The Bias blind-spot Bias states “that most people believe they are less biased than their peers” (14).  In other words, we’re often able to point out other people’s biases more easily than notice our own biases.  Consider these statements (based on actual statements by critics)

  • “You can get unbiased information about the church from books like Under the Banner of Heaven by Jon Krakauer”
  • “You can get the REAL Mormon history from *Insert critic here*”

The problem with these statements comes from appealing to an idea of purity that doesn’t really exist.  There is no such thing as “unbiased” sources.  As you can see, it’s easier for people to ignore bias in favor of what they believe, because our mental heuristics tend to lean in favor of the information we already know.

Confirmation Bias is characterized by “seeking or interpreting of evidence in ways that are partial to existing beliefs” (15).  This can also be described as only looking for things that support your opinion.  Examples of this can be found in critics of the church only associating with people who agree with their assessments about church history while ignoring or dismissing organizations such as FAIR.  This, however, is problematic seeing as it once again prioritizes what people already believe at the expense of data that contradicts it.  This bias is prevalent (even among members), so watch for it.

The Framing Bias “refers to the observation that the manner in which data is presented can affect decision making” (16).  The way that information is initially presented to us can affect how we process that information and can lead us to incorrect conclusions (i.e. we make a decision based on how the issue was framed).  For example, “You belong to a manipulative cult” differs greatly from “You belong to a high-demand religion.”  (Lots of high demand groups exist, whether they be secular like the Navy Seals, or religious such as nuns, etc.)  This heuristic pulls on the idea that our brains focus on dominant, impactful data.  “Cult” is a very charged word often used with a negative connotation, so hearing it leads to conclusions that may or may not be accurate.  After all, depending on how you use the word, you could describe all religions as cults.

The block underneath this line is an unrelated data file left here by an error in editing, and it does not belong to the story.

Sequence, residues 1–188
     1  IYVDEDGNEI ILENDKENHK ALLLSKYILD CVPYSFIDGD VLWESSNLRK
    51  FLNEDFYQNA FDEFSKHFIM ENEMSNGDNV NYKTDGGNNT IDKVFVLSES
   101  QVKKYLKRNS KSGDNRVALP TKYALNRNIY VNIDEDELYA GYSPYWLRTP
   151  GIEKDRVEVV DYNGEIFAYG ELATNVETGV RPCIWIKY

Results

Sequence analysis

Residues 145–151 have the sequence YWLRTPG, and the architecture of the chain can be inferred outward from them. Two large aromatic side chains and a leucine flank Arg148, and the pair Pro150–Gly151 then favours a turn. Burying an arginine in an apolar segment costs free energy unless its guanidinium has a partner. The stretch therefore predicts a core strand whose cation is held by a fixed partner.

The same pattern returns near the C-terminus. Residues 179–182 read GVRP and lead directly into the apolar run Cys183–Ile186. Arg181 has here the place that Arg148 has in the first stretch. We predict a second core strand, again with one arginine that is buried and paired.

The Hindsight Bias is “the tendency, after an event has occurred, to overestimate the extent to which the outcome could have been foreseen.” (17).  This one is a little more well-known through the phrase “Hindsight is 20/20”, but its status as a cognitive bias is well-deserved.  This is often used against prophets and the mistakes they make.  It may be easier for us to say “How could Brigham Young have said X thing, isn’t it obvious that wasn’t true!?”  However, this just shows our bias…we have more information than Brigham Young did, and we’ve been able to draw patterns and make connections in ways that Brigham Young may not have been able to.  However, in such discussions, we have to remember that we are all human, we all make mistakes.  I try to be as charitable to people (past or present) as I imagine Jesus would be charitable towards me during Judgement Day.

Loss/Regret Aversion Bias was put by one researcher as “an expression of fear” (18).  Fear of what?  Well, fear of regret, pain, and loss.  This can manifest itself in a few different ways.  Perhaps a member is scared to take a serious look at church history because they’re afraid of losing their testimony.  Perhaps a critic of the church is scared of regretting their decision to leave the church, and so they double down on their criticisms.  These fears, even if somewhat justified, can impede our ability to understand the world around us.  Our brains tend to focus on dominant information and – let’s be honest with ourselves – we remember our failures.  Our mistakes/failures present themselves as very dominant information in our minds (19).  Keep this in mind as you’re making decisions.